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Cause and Analysis of Unix Core files
Content

Fatal run-time errors in UNIX programs usually result in thetermination of the UNIX process by the operating system. Usually,when the operating system terminates a process, a 'core dump' file is also created, which can be used to analyze the reason for the abnormal termination.

What is a 'Core' File and What Causes it to be Created?

UNIX operating systems may terminate a process before it's normal, expected exit for several reasons. These reasons are typically for bad behavior by the program, and include attempts to execute illegal or incorrect machine instructions, attempts to allocate memory outside the memory space allocated to the program, attempts to write to memory marked read-only by the operating system and other similar incorrect low level operations. Most of these bad behaviors are caused by errors in programming logic in the program.

UNIX may also terminate a process for some reasons that are not caused by programming errors. The main examples of this type of termination are when a process exceeds it's CPU time limit, and when a process exceeds it's memory limit.

When UNIX terminates a process in this way, it normally writes an image of the processes memory to disk in a single file. These files are called 'core files', and are intended to be used by a programmer to help determine the cause of the failure. Depending on the UNIX version, the name of the file will be 'core', or in more recent UNIX versions, it is 'core.nnnn' where nnnn is the UNIX process ID of the process that was terminated.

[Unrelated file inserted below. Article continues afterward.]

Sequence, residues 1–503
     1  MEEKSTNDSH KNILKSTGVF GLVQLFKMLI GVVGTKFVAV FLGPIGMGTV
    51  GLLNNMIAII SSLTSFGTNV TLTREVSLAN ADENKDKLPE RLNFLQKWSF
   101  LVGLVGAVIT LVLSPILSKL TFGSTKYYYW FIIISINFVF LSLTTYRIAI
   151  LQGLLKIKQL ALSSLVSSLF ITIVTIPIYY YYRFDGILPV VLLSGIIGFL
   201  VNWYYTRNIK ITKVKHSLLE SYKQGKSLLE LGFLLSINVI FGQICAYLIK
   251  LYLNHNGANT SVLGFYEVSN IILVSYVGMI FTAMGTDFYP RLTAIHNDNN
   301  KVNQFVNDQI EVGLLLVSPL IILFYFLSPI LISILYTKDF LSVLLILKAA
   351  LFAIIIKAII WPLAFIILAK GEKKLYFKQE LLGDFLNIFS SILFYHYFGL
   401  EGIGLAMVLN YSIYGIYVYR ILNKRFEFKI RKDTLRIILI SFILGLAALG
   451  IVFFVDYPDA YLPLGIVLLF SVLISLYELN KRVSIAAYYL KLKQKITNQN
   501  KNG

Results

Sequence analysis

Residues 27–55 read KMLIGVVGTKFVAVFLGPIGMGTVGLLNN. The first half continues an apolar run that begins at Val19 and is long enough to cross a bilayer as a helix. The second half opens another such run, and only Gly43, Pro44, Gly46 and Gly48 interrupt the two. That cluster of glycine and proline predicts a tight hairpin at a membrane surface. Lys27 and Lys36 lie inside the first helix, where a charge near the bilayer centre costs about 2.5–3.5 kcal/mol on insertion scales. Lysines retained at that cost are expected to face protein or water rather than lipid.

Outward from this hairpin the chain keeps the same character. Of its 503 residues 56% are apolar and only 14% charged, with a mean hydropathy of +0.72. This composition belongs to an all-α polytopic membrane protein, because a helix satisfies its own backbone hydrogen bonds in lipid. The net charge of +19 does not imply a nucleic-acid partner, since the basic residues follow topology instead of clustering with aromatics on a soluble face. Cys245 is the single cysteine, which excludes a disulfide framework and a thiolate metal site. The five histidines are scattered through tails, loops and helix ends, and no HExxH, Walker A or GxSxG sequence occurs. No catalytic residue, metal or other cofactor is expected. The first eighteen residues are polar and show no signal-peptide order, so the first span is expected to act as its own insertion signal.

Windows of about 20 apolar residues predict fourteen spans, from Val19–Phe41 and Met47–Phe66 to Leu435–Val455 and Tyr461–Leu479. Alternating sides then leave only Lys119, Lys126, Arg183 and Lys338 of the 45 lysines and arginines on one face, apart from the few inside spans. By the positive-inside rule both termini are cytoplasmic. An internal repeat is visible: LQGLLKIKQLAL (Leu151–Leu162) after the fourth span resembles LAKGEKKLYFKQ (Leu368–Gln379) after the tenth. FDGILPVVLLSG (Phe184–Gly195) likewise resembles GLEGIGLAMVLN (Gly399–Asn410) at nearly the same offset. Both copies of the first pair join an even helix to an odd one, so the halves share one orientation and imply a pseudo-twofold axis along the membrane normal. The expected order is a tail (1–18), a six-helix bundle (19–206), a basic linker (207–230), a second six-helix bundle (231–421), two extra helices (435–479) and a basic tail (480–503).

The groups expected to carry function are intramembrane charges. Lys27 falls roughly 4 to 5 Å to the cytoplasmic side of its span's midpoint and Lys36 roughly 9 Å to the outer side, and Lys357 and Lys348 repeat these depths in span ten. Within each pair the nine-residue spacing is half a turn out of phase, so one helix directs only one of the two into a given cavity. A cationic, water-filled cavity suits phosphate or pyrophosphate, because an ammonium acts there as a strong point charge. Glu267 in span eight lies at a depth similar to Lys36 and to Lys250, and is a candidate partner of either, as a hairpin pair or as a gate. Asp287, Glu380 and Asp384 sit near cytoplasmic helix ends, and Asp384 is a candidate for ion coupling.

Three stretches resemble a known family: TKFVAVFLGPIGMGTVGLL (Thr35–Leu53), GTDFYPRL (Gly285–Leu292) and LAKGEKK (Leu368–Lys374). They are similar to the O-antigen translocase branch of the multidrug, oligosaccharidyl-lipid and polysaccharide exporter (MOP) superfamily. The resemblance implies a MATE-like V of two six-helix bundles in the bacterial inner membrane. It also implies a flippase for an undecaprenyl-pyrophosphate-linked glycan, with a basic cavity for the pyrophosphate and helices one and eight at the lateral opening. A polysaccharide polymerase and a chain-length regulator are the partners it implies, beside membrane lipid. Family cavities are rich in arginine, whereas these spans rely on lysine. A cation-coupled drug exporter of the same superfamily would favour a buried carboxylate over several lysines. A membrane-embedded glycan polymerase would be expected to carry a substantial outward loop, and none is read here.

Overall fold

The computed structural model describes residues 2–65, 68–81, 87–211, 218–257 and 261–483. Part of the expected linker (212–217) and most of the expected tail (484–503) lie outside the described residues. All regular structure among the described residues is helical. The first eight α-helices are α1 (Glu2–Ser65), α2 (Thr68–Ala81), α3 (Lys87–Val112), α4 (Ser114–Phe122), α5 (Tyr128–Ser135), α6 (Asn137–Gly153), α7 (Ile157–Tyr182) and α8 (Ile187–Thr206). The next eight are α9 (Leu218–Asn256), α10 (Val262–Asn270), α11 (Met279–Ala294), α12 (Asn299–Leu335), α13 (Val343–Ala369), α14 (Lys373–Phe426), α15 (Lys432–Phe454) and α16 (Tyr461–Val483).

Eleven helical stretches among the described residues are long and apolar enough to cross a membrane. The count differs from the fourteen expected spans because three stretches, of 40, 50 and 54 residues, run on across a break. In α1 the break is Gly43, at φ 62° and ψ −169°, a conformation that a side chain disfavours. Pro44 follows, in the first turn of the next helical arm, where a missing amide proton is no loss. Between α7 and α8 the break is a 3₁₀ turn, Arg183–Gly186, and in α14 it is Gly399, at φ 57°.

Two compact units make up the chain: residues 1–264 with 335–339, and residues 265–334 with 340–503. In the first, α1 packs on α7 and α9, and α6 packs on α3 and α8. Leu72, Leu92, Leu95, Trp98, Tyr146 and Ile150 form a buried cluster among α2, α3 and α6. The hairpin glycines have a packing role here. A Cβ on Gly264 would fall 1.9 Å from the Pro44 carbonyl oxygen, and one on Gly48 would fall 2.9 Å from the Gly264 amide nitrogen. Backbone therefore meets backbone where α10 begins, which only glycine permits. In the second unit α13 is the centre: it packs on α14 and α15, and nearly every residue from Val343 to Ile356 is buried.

Core files are not created for 'normal' runtime errors such as incorrect file permissions, lack of disk space, inability to open a file or network connection, and other errors that a program is expected to detect and handle. However, under certain error conditions a program may not handle the error conditions correctly and may follow a path of execution that causes the OS to terminate it and cause a core dump.

Mixing incompatible versions of UNIX, vendor, and database libraries can often trigger behavior that causes unexpected core dumps. For example, using an ODBC driver library from one vendor and an ODBC driver manager from another vendor may result in a coredump if the libraries are not compatible. A similar situation can occur if a process is using libraries from different versions of a database client, such as a mixed installation of Oracle 8i and 9i.  An installation like this should not exist, but if it does, core dumps are often the result.

Core File Locations and Size Limits

A core file is written to the current working directory of the process that was terminated. For PowerCenter, this is always the directory the server was started from. For other applications, this may not be true.

UNIX also implements a per user resource limit on the maximum size of core files. This is controlled by the ulimit command. If the limit is 0, then core files will not be created. If the limit is less than the total memory size of the process, a partial core file will be written. Refer the Best Practice on UNIX resource limits.